What injury done to the body, either exterior or interior, according as you could collect, was the occasion of this? - Either some violent pressure or blows; violent blows on the body, or some great weight upon her of that kind; it had the appearance of pressing, she was a very corpulent woman, very fat, very relaxed, and weak fibres.

Then this appeared to have arisen from some violent pressure on her body? - Yes, I only mention this circumstance of her being so very fat, having such relaxed fibres, that she was more liable to injury from pressure, than others not so corpulent.

Was there any particular part of the body, the breast or any where else, that you derive this inward injury arose from? - From the appearance on the right side of the chest the injury seemed to have been done; she was very clear in her senses, and was very well, she had no pain or uneasiness in her head; we did not open the head, there was no necessity for it.

Do you, on the whole, in the way in which you make up your mind, attribute that inside injury to that cause? - Yes I do, I do not think the wounds with a sharp instrument sufficient.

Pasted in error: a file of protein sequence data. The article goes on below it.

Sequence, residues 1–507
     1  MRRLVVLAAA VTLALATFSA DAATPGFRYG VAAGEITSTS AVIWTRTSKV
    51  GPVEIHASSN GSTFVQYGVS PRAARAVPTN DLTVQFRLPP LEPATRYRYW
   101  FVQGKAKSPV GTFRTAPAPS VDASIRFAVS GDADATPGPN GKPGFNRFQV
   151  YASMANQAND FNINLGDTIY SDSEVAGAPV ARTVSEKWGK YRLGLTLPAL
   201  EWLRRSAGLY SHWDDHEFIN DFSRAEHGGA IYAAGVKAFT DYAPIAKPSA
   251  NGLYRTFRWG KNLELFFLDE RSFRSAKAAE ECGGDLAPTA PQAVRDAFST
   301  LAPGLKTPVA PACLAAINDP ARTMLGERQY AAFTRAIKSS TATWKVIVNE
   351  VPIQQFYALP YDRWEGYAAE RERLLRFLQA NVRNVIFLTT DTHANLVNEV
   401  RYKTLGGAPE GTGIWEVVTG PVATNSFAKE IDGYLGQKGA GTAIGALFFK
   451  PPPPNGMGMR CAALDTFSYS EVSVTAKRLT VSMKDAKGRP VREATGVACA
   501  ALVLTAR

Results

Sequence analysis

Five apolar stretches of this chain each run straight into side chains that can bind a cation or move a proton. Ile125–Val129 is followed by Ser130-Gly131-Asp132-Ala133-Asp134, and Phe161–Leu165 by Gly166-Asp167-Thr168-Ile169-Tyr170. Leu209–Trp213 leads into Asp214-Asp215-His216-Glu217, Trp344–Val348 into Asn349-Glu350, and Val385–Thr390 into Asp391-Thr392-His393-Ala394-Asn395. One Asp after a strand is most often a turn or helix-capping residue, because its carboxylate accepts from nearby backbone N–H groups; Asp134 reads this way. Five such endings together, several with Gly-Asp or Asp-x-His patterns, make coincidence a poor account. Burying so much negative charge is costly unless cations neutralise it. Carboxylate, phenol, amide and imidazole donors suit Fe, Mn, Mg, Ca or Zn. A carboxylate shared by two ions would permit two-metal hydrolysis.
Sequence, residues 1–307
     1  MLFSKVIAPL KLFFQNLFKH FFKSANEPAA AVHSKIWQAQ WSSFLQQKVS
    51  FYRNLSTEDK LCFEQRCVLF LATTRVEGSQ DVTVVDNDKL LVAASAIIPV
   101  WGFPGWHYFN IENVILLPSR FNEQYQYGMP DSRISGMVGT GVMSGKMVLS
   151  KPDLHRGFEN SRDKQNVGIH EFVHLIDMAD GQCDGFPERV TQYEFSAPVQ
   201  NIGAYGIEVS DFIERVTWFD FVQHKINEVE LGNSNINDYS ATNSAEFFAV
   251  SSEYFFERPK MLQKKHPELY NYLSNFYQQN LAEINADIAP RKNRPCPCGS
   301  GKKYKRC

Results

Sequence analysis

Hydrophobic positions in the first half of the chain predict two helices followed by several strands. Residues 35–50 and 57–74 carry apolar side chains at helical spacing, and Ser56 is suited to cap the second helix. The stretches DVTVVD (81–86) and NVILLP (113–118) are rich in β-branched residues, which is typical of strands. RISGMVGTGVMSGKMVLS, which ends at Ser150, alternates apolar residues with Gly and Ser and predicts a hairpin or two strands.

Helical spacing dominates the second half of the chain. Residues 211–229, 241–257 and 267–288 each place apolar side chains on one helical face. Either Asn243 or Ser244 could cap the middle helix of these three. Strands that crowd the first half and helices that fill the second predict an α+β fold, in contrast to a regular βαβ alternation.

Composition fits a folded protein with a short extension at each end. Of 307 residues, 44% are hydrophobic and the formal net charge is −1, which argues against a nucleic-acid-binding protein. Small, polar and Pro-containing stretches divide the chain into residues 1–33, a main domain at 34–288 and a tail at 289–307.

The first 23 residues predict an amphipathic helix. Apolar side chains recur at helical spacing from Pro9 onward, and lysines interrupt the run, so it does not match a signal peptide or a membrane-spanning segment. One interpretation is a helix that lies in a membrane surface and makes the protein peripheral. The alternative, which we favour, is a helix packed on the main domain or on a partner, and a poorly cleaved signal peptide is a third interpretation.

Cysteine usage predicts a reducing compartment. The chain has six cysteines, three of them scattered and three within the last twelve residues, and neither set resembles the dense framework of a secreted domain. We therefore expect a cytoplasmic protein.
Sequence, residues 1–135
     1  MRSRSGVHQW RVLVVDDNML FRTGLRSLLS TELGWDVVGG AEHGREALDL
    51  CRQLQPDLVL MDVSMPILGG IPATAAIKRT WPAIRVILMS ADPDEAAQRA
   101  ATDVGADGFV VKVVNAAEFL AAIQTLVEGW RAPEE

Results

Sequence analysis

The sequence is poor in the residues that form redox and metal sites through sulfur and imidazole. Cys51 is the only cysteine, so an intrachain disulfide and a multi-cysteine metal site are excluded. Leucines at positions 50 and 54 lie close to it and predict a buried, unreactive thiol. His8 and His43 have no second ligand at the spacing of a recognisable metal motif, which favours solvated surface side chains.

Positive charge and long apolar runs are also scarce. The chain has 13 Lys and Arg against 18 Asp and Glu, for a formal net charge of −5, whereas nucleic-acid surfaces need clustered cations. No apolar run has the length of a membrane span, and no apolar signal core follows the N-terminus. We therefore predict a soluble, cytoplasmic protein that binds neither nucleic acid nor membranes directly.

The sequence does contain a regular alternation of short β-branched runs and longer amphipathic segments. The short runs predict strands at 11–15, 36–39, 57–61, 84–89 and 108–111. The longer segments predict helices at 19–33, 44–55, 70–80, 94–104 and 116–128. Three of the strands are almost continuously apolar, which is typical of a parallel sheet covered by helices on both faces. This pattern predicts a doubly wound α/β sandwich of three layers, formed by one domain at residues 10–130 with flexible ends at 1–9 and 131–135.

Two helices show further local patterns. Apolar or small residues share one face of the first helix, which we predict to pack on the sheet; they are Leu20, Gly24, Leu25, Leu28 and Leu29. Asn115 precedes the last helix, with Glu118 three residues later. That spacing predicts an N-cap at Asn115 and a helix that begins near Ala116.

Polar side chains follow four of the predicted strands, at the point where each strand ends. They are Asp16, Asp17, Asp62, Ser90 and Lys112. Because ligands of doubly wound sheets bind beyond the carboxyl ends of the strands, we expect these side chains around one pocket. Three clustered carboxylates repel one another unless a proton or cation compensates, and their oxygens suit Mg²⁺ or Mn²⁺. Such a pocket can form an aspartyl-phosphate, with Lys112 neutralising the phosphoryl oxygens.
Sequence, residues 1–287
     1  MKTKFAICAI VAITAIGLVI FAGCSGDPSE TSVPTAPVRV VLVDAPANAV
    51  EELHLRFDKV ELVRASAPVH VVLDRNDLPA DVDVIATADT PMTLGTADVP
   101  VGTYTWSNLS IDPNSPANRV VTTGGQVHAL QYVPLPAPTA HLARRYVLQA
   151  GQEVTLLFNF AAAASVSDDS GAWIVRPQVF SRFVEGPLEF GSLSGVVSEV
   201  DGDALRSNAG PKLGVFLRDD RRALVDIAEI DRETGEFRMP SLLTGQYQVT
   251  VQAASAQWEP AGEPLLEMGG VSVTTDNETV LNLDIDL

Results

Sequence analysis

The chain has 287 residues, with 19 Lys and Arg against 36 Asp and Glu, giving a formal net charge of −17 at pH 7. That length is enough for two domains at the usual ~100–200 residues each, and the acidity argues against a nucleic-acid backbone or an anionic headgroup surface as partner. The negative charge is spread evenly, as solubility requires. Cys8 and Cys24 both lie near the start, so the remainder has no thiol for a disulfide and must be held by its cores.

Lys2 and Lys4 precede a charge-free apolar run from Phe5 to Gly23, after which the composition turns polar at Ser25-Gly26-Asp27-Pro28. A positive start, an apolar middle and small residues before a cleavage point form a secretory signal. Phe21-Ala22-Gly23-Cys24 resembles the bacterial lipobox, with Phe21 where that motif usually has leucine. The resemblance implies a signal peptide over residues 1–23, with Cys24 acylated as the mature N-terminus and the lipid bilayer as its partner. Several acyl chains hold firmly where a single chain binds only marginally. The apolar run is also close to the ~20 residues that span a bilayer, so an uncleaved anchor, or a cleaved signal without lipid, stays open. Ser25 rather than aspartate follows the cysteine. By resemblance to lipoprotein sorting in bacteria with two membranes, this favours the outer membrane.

To the wounds with a sharp instrument you do not attribute her death? - I do not.

Mr. Garrow. Excuse me doctor: to the wounds unconnected with the extravasation, you do not attribute the death? - No.

When you describe her to be a corpulent fat woman, do you mean that she was large made? - Large made.

Supposing a violent blow to have been given there, it would not be extraordinary that there should be a rupture of vessels in some adjacent parts? - That might take place, to be sure.

After the disposition to the rupture of vessels, that appearance would continue to increase till you would not be surprised to find they had discharged two quarts of blood? - That is very certain, if numbers of vessels are broke they will continue to ooze so as to fill a large cavity.

Might not an extravasation of blood be occasioned by the cutting the vessels, as well as by the contusion of them? - Undoubtedly.

Then, supposing any of the vessels on the sternon of my body to be cut by such an instrument as this, a consequent extravasation might take place? - It might happen, and it might not, if a number of small vessels under the skin were cut, supposing the wound to go no deeper.

The extravasation having taken place, from whatever cause, the difficulty of breathing would be occasioned by the cavity being filled, in which the lungs cannot operate? - Certainly.

Are not the vessels under the sternon, which, if ruptured, would discharge their contents into the cavity of the thorax, more exposed to the danger of rupture from the pressure of external violence, than those

vessels under the breast of a fat corpulent subject? - They certainly are; one reason is, they are larger.

Mr. Fielding. Does it appear, according to your best examination, that this wound on the sternon was occasioned by a sharp instrument, or otherwise? - Not from a sharp instrument.